*** English artists Illustrating Boys' Fashions: Anna Lea Merrit

Artists Illustrating Boys' Fashions: Anna Lea Merrit, (18??-??)

English Fauntleroy suits

Figure 1.--"The eldest children of Thomas, 2nd Baron Robartes, in a group portrait painted in 1885 by Anna Lea Merrit. Thomas, the boy on the left, wears a kind of cavalier suit, while his twin sister Eva, on the right, has the fashionable decorative detail of smocking on her dress". The other two children are not identified.

Anna Lea Merrit was a Victorian romantic painter, influenced by the Pre-Raphaelites. She did some charming portraits of children and families as well as for the times some very daring works.


I have no background information on Merrit at this time.





Merrit painted many avaunt guard works such as Love Locked Out (1889), a rather sensational work for the time. After viewing figure 1 reproduced here, Love Locked Out rather surprised me.

Insights on Clothing

The image shown here in figure 1 shows a boy from a wealthy aristocratic family, the eldest children of Thomas, 2nd Baron Robartes. The Robartes family were from Lanhydrock in Cornwall. Their portrait was painted in 1885, the same year Little Lord Fauntleroy was published.


The older Robartes boy is Thomas-Tommy. He looks to be about 7 or eight. He wears a black velvet Funtleroy suit, but the style which buttons all the way to the collar. He weas a small lace collar and matching wrist trim with a very small red bow looking much like a bow tie. His knee pants for some reaspn have two rather than the ordinary three buttons. This painting shows that boys were wearing velvet suits with lace collars before the Fauntleroy Craze so affected mothers. It also is an examole of the smaller collars and bows that preceeded the Fauntleroy era of the late 19th century. He was tragically killed in battle during World war I (1915). [Howells] He is one of the many British boys discussed in World War I that were killed in the War.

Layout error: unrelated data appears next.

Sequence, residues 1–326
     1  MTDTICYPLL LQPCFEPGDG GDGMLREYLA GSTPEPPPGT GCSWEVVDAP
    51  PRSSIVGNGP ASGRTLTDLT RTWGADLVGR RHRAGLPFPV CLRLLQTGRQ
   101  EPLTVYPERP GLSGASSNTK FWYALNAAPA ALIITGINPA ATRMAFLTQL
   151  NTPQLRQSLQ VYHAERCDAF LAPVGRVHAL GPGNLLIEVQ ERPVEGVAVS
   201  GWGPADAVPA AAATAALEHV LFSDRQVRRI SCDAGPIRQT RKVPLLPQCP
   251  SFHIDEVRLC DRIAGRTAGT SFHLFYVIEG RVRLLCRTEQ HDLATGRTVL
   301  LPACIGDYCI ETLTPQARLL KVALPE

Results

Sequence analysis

The youngest child in the white dress who we could not udentify is a boy who has not yet been breeched. A reader tells us, "This picture hangs above the landing on the teak stairs in Lanhydrock house, now a National Trust property. The unidentified boy in your article is Gerald Agar Robartes-as you say not breeched. He is the reason for the question, given to school groups visiting the property,"How many boys are in the picture?" Gerald became Viscount Clifden in 1930 and it was Gerald who gave Lanhydrock House to the National Trust. Birth dates of those in the picture are: Mary Vere (in smock) 1879; Thomas & Everilda 1880; Gerald 1883. The picture is extremely popular." [Howells]

The Pre-Raphaelites

Europe at mid century were in the throws of Revolution. The new generation was seeking liberal democracy. Riots and rebellion in 1848 spread from one end of the continent to the other. The results were very different, however, from what the advocates of liberal democracy thought. France began the slide toward the authocratic rule of a new Emperor. Conservative regumes were enpowered in Berlin and Vienna and Bismark began the process that would lead to a unified Germany underan autocratic Emoeror. In the summer of 1848, whilst Europe was suffering revolutions, thrones and governments were being overthrown, two young Royal Academy students in London, met and became close friends, Dante Gabriel Rossetti and William Holman Hunt.

Rossetti had been studying under Ford Madox Brown, but had tired of his rigid discipline and decided to share a studio with his new friend Hunt instead. Hunt was already a friend of another artist at the Academy, an extremely talented young man called John Everett Millais, and they soon found that they shared many views and artistic ideals. The three of them decided to form an artistic society of their own, a secret one, known only to themselves which made it seem even more exiting and revolutionary.